For Organizations


A debugging check for Eavesdropping Vulnerabilities

Radio signals used for eavesdropping devices are invisible — but they can be detected with the right equipment.

Radio signals are invisible — but they can be detected with the right equipment.

Radio signals are invisible — but they can be detected with the right debugging equipment.

When we do a sweep for electronic eavesdropping devices there are many aspects to consider: physical inspections, specialty searches for electronics, optical checks for cameras and remote links, and radio signals. This inspection, sometimes called debugging or TSCM check is complicated (and interesting) because intruders try to conceal their activity.

Our clients call us when the suspect a competitor or insider is bugging the executive suite. Sometimes there is solid evidence motivating the call. One large Seattle company recently asked us to debug their executive offices when small voice recorders were found under conference room tables.

Case study: The misbehaving mouse

A Bellevue client called us with an interesting debugging issue. In their San Francisco facility an executive saw the cursor on his monitor moving and starting programs even though he wasn’t moving his mouse! This was scary because the executive worked with intellectual property worth millions. Was there an intruder in his computer?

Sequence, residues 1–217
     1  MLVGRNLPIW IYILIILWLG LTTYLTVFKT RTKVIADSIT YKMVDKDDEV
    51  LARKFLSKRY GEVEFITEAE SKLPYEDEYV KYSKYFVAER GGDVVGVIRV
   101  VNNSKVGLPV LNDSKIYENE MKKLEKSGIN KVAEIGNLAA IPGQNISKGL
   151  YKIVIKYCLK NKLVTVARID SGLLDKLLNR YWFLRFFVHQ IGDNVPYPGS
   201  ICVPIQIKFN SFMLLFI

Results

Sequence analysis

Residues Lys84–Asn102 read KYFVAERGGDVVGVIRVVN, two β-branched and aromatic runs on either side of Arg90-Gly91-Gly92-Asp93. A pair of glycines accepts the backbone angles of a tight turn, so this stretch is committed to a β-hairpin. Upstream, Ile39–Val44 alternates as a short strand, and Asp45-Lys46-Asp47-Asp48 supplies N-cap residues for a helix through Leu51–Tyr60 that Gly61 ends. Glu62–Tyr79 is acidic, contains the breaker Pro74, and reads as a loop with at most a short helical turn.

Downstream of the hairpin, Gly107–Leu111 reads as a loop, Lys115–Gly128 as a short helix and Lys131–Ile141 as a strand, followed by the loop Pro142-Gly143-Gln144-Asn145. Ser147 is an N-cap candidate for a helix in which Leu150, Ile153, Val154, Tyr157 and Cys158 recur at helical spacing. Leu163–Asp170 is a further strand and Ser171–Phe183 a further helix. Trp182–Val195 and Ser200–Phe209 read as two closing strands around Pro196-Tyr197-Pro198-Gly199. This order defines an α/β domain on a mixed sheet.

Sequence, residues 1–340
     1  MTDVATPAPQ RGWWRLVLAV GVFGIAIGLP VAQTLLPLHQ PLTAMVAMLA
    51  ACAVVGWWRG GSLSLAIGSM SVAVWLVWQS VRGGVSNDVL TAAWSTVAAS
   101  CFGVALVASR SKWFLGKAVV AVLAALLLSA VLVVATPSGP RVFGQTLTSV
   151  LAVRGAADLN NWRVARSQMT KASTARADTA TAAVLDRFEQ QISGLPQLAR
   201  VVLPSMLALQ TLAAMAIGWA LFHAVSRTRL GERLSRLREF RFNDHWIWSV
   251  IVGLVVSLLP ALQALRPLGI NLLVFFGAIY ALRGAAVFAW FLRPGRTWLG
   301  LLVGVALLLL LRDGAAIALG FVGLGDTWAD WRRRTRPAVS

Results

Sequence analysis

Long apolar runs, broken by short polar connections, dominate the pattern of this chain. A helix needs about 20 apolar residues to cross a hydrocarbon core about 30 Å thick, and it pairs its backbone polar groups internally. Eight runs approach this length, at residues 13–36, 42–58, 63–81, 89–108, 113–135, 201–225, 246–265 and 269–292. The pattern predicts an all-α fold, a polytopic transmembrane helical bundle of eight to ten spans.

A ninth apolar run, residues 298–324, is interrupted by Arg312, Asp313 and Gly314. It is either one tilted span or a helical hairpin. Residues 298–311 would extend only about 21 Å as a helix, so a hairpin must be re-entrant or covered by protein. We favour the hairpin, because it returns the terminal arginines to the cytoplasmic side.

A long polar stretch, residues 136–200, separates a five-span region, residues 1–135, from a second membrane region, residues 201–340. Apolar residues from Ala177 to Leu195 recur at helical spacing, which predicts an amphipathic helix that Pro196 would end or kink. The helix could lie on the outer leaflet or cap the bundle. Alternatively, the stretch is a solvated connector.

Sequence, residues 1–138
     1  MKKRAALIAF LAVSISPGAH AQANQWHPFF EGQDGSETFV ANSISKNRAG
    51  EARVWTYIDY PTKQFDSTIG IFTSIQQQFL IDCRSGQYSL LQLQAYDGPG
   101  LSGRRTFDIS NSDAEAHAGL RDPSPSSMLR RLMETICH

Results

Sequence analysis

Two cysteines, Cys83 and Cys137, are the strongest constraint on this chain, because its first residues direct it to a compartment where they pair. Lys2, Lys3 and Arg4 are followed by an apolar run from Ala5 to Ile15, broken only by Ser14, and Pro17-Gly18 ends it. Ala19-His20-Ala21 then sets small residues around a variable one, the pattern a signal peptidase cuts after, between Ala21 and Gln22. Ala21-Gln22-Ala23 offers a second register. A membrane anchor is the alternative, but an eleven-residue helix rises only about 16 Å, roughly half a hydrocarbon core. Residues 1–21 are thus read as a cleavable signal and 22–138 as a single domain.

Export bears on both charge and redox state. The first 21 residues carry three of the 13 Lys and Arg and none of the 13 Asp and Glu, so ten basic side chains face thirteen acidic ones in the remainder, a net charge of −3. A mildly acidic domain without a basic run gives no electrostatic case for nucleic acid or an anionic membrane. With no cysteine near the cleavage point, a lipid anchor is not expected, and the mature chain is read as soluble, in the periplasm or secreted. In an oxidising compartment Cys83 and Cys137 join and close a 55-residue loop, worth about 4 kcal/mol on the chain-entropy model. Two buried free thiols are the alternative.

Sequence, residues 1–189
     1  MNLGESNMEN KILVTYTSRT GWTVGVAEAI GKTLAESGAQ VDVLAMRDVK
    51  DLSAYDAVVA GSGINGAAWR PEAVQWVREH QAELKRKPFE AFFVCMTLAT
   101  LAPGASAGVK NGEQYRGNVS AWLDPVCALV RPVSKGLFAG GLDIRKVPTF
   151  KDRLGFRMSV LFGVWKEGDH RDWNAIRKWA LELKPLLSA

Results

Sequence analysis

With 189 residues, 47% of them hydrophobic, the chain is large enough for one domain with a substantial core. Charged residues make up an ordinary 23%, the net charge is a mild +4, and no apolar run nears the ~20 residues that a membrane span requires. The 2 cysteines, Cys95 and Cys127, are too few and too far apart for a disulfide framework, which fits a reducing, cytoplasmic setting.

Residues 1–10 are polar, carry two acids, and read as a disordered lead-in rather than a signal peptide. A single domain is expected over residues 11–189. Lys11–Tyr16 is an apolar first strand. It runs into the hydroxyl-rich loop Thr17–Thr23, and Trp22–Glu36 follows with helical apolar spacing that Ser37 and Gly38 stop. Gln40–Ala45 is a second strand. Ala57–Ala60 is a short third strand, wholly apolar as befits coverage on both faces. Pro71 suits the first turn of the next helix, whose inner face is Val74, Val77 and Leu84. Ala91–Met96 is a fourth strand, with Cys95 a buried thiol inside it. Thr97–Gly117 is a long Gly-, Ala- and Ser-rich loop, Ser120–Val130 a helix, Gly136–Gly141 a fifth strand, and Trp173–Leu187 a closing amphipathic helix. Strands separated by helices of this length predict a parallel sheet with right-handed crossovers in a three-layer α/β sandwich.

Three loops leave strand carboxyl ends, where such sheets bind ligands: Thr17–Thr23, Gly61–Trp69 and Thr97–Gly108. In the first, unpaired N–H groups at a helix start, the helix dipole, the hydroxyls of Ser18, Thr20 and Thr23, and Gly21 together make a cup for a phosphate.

We started by analyzing the wireless mice being used in the office. They were an older version which only had one of 256 possible identities. Using a simple birthday paradox calculation we could show that in their office with 20 people it was likely that someone’s computer would respond to another’s mouse.

… a comforting debugging solution to a distressing problem!

See more about the Birthday Problem on Wikipedia.

Common eavesdropping vulnerabilities in executive offices

Our typical inspection of executive areas finds substantial vulnerabilities that can be easily fixed. Vulnerability examples are: easily intercepted phone headsets, misconfigured WiFi, thin walls, passwords written under keyboards, logged-in computers, wireless microphones, defective physical security. Executive homes often have even more vulnerabilities